He is one of about 100 attorneys who sign on every year to provide free representation for domestic violence victims.
The volunteers fall under the umbrella of the Cobb Justice Foundation, legal aid’s pro bono arm created in 1995.
“It’s specifically geared to match private attorneys with cases that come through legal aid,” said foundation director Amanda N. Moulthrop.
The foundation’s TPO Project, headed by Gaffney, has helped more than 100 domestic violence victims like Barbara.
“We have so many great regular volunteers for that project,” Moulthrop said. “We provide them with an attorney to get that TPO.”
Clients also get other civil law services, according to legal aid Managing Attorney Catherine C. Vandenberg.
“It’s good for victims to get the safety of the TPO, but we’re also able to get child support for them,” she said.
“That’s really helpful to get them to manage financially without their abuser. Without that, the chance of them going back to the abuser is increased.”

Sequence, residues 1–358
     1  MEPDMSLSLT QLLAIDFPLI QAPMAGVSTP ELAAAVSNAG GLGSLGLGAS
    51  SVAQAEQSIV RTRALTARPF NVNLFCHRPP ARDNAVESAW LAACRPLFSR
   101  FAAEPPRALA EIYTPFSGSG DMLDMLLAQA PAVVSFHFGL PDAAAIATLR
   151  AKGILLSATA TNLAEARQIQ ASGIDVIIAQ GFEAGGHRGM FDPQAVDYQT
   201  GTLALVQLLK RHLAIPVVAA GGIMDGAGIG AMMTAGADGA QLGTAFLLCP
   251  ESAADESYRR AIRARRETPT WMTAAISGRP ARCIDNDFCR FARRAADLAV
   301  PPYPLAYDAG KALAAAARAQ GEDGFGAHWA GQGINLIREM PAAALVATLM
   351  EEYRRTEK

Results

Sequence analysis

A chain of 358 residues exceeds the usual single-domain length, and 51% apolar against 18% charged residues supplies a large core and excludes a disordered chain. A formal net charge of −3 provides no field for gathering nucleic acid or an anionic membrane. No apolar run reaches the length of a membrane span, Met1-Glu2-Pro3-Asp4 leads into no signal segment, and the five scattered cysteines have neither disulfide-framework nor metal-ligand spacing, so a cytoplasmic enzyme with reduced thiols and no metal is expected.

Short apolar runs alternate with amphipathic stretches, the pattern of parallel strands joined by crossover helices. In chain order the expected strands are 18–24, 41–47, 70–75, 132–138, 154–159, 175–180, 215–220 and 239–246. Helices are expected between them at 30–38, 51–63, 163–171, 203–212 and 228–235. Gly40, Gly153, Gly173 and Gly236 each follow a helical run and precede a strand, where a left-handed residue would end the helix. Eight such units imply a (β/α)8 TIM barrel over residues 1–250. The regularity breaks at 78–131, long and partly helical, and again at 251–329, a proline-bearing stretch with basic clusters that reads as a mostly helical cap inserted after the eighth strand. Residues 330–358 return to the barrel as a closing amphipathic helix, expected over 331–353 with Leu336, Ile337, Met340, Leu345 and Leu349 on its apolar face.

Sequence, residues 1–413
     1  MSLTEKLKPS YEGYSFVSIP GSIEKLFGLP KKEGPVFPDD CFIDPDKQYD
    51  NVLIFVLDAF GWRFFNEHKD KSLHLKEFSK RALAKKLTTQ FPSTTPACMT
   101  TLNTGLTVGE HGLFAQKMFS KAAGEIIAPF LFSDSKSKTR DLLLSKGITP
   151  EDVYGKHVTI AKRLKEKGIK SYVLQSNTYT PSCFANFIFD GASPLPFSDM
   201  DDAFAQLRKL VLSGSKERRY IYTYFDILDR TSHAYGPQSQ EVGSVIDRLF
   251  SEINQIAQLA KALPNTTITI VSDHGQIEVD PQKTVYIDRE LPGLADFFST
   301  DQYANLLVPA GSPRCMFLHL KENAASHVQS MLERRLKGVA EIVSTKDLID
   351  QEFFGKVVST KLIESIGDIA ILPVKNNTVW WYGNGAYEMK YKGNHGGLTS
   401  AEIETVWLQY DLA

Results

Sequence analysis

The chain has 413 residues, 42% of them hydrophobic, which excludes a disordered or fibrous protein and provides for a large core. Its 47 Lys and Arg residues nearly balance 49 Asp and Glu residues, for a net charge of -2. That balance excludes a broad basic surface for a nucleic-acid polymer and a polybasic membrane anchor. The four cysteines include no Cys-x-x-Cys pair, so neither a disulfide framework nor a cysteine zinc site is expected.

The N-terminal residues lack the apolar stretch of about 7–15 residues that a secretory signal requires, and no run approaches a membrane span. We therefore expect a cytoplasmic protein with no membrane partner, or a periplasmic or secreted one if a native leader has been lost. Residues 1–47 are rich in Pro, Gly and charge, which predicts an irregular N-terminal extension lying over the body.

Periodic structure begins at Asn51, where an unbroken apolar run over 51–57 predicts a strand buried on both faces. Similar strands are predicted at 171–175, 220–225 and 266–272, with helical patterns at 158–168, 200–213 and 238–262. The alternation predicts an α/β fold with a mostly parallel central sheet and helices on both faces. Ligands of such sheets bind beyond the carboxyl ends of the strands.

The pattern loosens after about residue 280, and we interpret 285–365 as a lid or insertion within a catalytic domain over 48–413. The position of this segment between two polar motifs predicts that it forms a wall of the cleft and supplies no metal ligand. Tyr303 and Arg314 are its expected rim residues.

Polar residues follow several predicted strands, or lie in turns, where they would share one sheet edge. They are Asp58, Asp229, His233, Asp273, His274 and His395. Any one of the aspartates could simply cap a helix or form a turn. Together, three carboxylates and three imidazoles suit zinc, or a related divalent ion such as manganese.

Their services, while not including criminal law, go a long way to stop family violence.
“We help them get the home, because they often flee, of course. The abuser’s in the home. Without that order, there’s nothing to order him from that home,” Vandenberg said.
Depending on kindness
While helping others, the foundation also gets help.
“The work of the foundation is recruiting private attorneys to take cases. We’re very fortunate the lawyers of Cobb County are generous in volunteering their time,” Moulthrop said.
“They’re giving back to their community because they’re living here in town.”
Of the 12 firms participating, 10 are in Cobb and the other two employ Cobb residents.
Moulthrop said the county has earned bragging rights to the foundation.
“Outside of metro Atlanta, it’s very hard to find this commitment from the private bar,” Moulthrop said.
“This is something Cobb County should be proud to have.”